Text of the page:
In-season agricultural area tracking at regular interval from geostationary satellite.Modelling of temporal profile of vegetation index spread across two consecutive agriculture seasons to track crop area. The crop area estimates and their frequent updates in an agricultural growing season are essential to formulate policies of country’s food security. A new methodology has been developed with high temporal vegetation index data at 1000 m spatial resolution from Indian geostationary satellite (INSAT 3A) to track progress of country-scale rabi (post-rainy) crop area in six agriculturally dominant states of India. The 10-day (dekad) maximum normalized difference vegetation index (NDVI) composite products at 0700 GMT (Greenwich Mean Time) were generated and used in the study. A cubic function was fitted to NDVI temporal profile on the training data-sets of 2009–2010. Model parameters were standardized over 40 agroclimatic subzones, which were used to estimate rabi crop area at 10-day interval in the next two seasons. Uncertainties in the model, in terms of days, were found to be less than (3–8 days) compositing period. The INSAT-based estimates showed –18.1% to 14.6% deviations from reported rabi crop area. Subpixel heterogeneity was found to be the major cause for the delay in crop area tracking in study region. The interseasonal variability in the estimate was consistent with the reported statistics with a correlation coefficient of 0.89. A comparative study showed that INSAT estimated rabi area had 16.36% deviation from high spatial resolution AWiFS (Advanced Wide-Field Sensor)-estimated area at 2 km × 2 km grid over ground observation points. It is recommended that high temporal NDVI product with finer spatial resolution satellite would, by offsetting the impact of subpixel heterogeneity, enable improved country-scale crop area monitoring. © 2015 Taylor & Francis

Durairaj P.,Annamalai University | Sarangi R.K.,Biological and Planetary science and Applications Group | Ramalingam S.,Annamalai University | Thirunavukarassu T.,Annamalai University | Chauhan P.,Biological and Planetary science and Applications Group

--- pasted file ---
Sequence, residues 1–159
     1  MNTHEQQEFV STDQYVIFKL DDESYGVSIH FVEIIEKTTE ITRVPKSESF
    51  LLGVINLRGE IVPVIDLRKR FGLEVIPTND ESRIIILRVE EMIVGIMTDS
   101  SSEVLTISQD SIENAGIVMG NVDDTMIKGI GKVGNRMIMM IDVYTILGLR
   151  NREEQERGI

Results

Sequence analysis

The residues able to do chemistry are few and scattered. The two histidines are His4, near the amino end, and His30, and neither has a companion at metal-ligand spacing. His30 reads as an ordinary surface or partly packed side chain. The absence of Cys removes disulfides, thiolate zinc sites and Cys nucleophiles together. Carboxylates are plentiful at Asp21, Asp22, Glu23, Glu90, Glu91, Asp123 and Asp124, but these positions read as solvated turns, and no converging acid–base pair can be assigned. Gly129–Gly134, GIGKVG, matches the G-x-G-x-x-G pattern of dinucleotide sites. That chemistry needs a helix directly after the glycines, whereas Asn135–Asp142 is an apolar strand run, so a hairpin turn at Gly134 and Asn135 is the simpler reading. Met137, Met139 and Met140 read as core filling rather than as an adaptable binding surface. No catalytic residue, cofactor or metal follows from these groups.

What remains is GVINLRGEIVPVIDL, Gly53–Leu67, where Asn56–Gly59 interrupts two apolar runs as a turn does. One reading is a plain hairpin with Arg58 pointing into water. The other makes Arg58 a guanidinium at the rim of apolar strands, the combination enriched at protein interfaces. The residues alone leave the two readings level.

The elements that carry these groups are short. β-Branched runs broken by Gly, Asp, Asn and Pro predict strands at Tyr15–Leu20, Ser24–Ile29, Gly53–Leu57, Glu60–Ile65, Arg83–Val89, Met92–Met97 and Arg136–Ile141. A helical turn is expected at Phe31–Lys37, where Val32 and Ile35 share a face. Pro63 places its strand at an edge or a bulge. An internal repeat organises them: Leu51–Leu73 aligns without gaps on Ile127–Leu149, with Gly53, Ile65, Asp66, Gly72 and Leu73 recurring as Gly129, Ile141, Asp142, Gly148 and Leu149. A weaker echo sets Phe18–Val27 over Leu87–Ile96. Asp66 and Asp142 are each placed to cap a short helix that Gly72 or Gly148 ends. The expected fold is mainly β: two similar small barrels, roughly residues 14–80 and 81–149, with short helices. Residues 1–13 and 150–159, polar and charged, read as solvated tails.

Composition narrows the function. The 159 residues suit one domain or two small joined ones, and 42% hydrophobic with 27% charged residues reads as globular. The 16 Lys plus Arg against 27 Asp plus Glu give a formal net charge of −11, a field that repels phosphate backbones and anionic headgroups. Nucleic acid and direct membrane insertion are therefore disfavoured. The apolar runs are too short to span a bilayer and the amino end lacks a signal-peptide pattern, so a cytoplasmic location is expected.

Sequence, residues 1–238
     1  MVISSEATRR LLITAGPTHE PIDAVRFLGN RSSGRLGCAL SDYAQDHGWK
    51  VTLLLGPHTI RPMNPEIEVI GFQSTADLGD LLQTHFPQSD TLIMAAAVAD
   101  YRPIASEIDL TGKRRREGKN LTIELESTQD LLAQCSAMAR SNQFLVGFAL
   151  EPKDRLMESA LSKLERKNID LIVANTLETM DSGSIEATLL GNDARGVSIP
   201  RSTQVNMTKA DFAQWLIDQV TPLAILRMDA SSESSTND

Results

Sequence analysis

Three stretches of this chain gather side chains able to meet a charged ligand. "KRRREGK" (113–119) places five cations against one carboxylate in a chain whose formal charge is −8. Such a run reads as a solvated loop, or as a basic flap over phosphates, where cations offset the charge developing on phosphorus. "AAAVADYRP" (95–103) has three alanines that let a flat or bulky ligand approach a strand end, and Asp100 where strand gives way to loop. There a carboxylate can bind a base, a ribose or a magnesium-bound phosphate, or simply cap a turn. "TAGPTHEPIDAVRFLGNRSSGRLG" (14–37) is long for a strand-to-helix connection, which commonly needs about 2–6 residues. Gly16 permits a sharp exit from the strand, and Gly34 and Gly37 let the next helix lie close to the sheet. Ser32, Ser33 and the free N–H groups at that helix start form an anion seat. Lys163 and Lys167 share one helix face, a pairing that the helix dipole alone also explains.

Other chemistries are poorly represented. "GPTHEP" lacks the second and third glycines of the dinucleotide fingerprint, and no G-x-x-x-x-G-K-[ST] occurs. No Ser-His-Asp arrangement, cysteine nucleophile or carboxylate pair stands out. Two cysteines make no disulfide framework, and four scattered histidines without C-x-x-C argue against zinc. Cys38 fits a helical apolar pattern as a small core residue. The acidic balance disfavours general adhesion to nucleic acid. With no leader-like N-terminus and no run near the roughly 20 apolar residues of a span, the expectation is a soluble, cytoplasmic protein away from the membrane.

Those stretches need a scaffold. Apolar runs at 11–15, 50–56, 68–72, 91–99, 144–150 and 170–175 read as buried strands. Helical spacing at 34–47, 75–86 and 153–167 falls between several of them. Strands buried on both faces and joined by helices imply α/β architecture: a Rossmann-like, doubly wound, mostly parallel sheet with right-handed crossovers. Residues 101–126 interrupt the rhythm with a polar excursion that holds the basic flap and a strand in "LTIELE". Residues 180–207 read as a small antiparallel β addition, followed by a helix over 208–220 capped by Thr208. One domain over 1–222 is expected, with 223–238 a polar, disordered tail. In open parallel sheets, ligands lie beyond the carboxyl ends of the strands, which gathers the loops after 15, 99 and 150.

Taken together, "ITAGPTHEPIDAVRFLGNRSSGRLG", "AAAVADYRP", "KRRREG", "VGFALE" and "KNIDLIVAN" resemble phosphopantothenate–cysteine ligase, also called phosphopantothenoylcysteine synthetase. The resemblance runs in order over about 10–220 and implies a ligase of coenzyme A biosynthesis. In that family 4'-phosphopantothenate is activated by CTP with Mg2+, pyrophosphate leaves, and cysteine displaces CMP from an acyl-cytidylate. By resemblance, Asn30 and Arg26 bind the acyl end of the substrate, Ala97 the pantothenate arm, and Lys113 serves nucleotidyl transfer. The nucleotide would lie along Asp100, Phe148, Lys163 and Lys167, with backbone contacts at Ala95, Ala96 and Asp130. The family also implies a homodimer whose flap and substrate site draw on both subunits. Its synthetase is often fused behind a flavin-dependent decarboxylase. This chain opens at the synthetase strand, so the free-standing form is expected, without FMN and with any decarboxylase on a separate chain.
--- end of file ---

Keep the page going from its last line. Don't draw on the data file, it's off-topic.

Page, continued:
Environmental Monitoring and Assessment | Year: 2015

In situ datasets of nitrate, sea surface temperature (SST), and chlorophyll a (chl a) collected during the monthly coastal samplings and organized cruises along the Tamilnadu and Andhra Pradesh coast between 2009 and 2013 were used to develop seasonal nitrate algorithms. The nitrate algorithms have been built up based on the three-dimensional regressions between SST, chl a, and nitrate in situ data using linear, Gaussian, Lorentzian, and paraboloid function fittings. Among these four functions, paraboloid was found to be better with the highest co-efficient of determination (postmonsoon: R2 = 0.711, n = 357; summer: R2 = 0.635, n = 302; premonsoon: R2 = 0.829, n = 249; and monsoon: R2 = 0.692, n = 272) for all seasons. Based on these fittings, seasonal nitrate images were generated using the concurrent satellite data of SST from Moderate Resolution Imaging Spectroradiometer (MODIS) and chlorophyll (chl) from Ocean Color Monitor (OCM-2) and MODIS. The best retrieval of modeled nitrate (R2 = 0.527, root mean square error (RMSE) = 3.72, and mean normalized bias (MNB) = 0.821) was observed for the postmonsoon season due to the better retrieval of both SST MODIS (28 February 2012, R2 = 0.651, RMSE = 2.037, and MNB = 0.068) and chl OCM-2 (R2 = 0.534, RMSE = 0.317, and MNB = 0.27). Present results confirm that the chl OCM-2 and SST MODIS retrieve nitrate well than the MODIS-derived chl and SST largely due to the better retrieval of chl by OCM-2 than MODIS. © 2015, Springer International Publishing Switzerland.